Development of science and technology in Ancient India
Among all the sciences, medicine was one of the most advanced in ancient India considering the fact that the Atharva Veda mentions certain herbs with curative powers.
The Atharva Veda includes eight divisions of Ayurveda.
 Kayachikitsa (Internal Medicine)
 Salakya Tantra (Surgery of Head and Neck, Ophthalmology and Otolaryngology)
 Shalya Tantra ( Surgery)
 Agada Tantra (Toxicology)
 Bhuta Vidya (Psychiatry)
 Kaumarabhrity (Paediatrics)
 Rasayana (Antiaging or Gerontology or Science of Rejuvenation)
 Vajkarana ( the Science of Fertility)
Several ancient texts on physiology identified factors which determined good or ill health. Ayurveda focused on longevity and prescribed several remedies for the same. Gold, silver, mercury, garlic and honey are described as having specific curative powers in the vast treasury of the pharmacopoeia and medical texts of ancient India. Some of these have subsequently been credited with the same curative powers by modern science also and are the bases for traditional knowledge in pharmacology being emphasised in recent times.
Contribution of Dhanvantari
Dhanvantari was one of the first among medical practitioners and surgeons in the world. Based on Hindu traditions, he is regarded as the source of Ayurveda. He developed many herbal[1]based cures and natural remedies and was credited with the discovery of the antiseptic properties of turmeric and the preservative properties of salt which he incorporated in his cures. Being a very skilled surgeon according to the standards of his time, he is widely believed to be the pioneer of modern medical practices like plastic surgery.
As a result of the brilliance and achievements he displayed in the field of medicine he was chosen as one of the navratnas in Vikramaditya’s court. According to tradition, he taught surgical methods and procedures to Sushruta, the father of Ayurvedic surgery.
Some of the important features of the Indian medical tradition were
 Yoga stressed the holistic approach to health based on proper diet and physical exercise.
 Charaka, the great Ayurvedic physician of the 1st century A.D., wrote the Charaka Samhita, the first scientific medical text. Charaka’s work consisted of eight chapters devoted to pharmacology, diet, treatment of major diseases like fever, diarrhoea, consumption, leprosy and tumour among others. He also wrote on such specialised subjects as pathology, embryology and anatomy.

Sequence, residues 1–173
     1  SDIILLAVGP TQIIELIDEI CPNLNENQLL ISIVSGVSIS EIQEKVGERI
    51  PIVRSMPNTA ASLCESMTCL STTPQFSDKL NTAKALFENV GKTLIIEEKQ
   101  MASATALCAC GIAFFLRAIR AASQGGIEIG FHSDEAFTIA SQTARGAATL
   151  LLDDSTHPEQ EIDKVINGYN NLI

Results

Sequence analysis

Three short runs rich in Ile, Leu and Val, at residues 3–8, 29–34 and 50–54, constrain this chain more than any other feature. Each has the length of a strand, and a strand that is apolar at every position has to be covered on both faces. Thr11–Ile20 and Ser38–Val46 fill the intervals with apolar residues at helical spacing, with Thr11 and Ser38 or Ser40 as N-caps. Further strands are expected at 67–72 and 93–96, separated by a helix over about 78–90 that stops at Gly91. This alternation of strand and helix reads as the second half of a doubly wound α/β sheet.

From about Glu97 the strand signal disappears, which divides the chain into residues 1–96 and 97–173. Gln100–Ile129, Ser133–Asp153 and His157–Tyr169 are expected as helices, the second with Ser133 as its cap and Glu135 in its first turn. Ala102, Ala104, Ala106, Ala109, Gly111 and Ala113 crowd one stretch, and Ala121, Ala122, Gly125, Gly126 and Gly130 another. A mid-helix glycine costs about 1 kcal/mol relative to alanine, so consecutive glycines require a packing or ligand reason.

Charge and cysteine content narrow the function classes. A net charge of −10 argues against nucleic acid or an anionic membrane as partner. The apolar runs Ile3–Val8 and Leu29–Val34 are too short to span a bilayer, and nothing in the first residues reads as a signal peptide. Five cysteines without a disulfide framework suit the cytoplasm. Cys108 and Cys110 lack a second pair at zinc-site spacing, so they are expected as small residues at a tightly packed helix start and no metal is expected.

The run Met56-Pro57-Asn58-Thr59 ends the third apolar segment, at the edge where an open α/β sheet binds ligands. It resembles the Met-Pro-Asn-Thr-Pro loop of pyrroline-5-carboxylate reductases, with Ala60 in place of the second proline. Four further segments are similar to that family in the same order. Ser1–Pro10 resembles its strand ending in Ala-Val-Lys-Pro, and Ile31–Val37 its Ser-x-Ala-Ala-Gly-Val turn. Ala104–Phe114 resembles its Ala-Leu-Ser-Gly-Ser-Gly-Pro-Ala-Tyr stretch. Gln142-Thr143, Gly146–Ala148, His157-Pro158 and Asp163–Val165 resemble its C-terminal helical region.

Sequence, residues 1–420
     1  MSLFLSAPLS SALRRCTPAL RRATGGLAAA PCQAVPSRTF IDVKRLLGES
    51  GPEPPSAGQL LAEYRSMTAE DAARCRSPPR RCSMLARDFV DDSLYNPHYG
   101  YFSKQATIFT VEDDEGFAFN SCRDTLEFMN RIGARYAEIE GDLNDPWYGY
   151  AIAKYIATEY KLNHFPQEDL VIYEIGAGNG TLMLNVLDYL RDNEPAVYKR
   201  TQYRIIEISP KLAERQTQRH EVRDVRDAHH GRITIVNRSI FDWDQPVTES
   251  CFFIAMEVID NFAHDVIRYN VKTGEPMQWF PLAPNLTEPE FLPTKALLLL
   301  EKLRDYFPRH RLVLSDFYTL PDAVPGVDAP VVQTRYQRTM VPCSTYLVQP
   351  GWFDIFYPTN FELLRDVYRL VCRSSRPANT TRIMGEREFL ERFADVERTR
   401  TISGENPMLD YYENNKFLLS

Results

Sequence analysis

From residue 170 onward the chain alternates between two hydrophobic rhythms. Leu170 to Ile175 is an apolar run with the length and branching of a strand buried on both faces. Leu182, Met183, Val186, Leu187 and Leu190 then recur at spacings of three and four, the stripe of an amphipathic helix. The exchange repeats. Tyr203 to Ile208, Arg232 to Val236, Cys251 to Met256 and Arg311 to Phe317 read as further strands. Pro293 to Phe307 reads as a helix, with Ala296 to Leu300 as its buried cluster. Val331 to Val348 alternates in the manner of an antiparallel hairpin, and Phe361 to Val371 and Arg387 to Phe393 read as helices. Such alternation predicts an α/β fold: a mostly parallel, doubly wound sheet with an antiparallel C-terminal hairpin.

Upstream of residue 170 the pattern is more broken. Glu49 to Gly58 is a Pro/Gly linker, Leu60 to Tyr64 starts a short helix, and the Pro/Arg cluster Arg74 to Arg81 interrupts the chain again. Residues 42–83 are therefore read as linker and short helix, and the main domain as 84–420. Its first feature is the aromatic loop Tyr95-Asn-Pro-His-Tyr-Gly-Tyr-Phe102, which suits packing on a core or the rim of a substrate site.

In the fourth century, came Sushruta, who is considered the father of surgery. In his treatise Sushruta Samhita, he lists about 125 surgical instruments used by him in his surgeries, details methods of operations among other subjects. In his time he is believed to have performed Caesarean sections, done plastic surgeries and set compound fractures.
 Veterinary science was another field which had been developed well in ancient times, with hospitals for horses, elephants and cattle. A special branch of medicine was devoted to the treatment of elephants and was called Hastyayurveda.
Mathematics in Ancient India
Aryabhata (476–529 A.D.) wrote the Aryabhatya, a volume of 121 verses. Apart from discussing astronomy, he laid down procedures of arithmetic, geometry, algebra and trigonometry. He calculated the value of pin at 3.1416 and covered subjects like numerical squares and cube roots. Aryabhata is credited with the emergence of trigonometry through sine functions.

 Aryabhatya was particularly popular in South India, where numerous mathematicians over the ensuing millennium wrote commentaries on it. Written in verse couplets, this work deals with mathematics and astronomy.
 Following an introduction that contains astronomical tables and Aryabhata’s system of phonemic number notation, the work is divided into three sections: ganita (mathematics), kalakriya (time calculations), and gola (sphere). In ganita, Aryabhata names the first 10 decimal places and gives algorithms for obtaining square and cubic roots, utilising the decimal number system. Then he treats geometric measurements and develops properties of similar rightangled triangles and of two intersecting circles. Utilising the Pythagoras theorem, he obtains a method for constructing a table of sines.
 Other topics covered include mathematical series, quadratic equations, compound interest ratios and proportions, and the solutions of various linear equations. Aryabhata’s general solution for linear indeterminate equations, which Bhaskara I called kuttakara (“pulveriser”), consisted of breaking the problem down into new problems with successively smaller coefficients— essentially the Euclidean algorithm and also related to the method of continued fractions.
 With kalakriya Aryabhata turned to astronomy—in particular, treating planetary motion along the ecliptic. The topics include definitions of various units of time, eccentric and epicyclic models of planetary motion, planetary longitude corrections for different terrestrial locations, and a theory of “lords of the hours and days” (an astrological concept used for determining propitious times for action).
 Aryabhatiya ends with spherical astronomy in gola, where he applied plane trigonometry to spherical geometry by projecting points and lines on the surface of a sphere onto appropriate planes. Topics include prediction of solar and lunar eclipses and an explicit statement that the apparent westward motion of the stars is due to the spherical Earth’s rotation about its axis.
 Aryabhata also correctly ascribed the luminosity of the Moon and planets to reflected sunlight.
 Aryabhata siddhanta through the Sasanian dynasty of Iran, had considerable influence on the development of Islamic astronomy. Its contents are preserved to some extent in the works of Varahamihira, Bhaskara I, Brahmagupta, and others.
 It is one of the earliest astronomical works to assign the start of each day to midnight.
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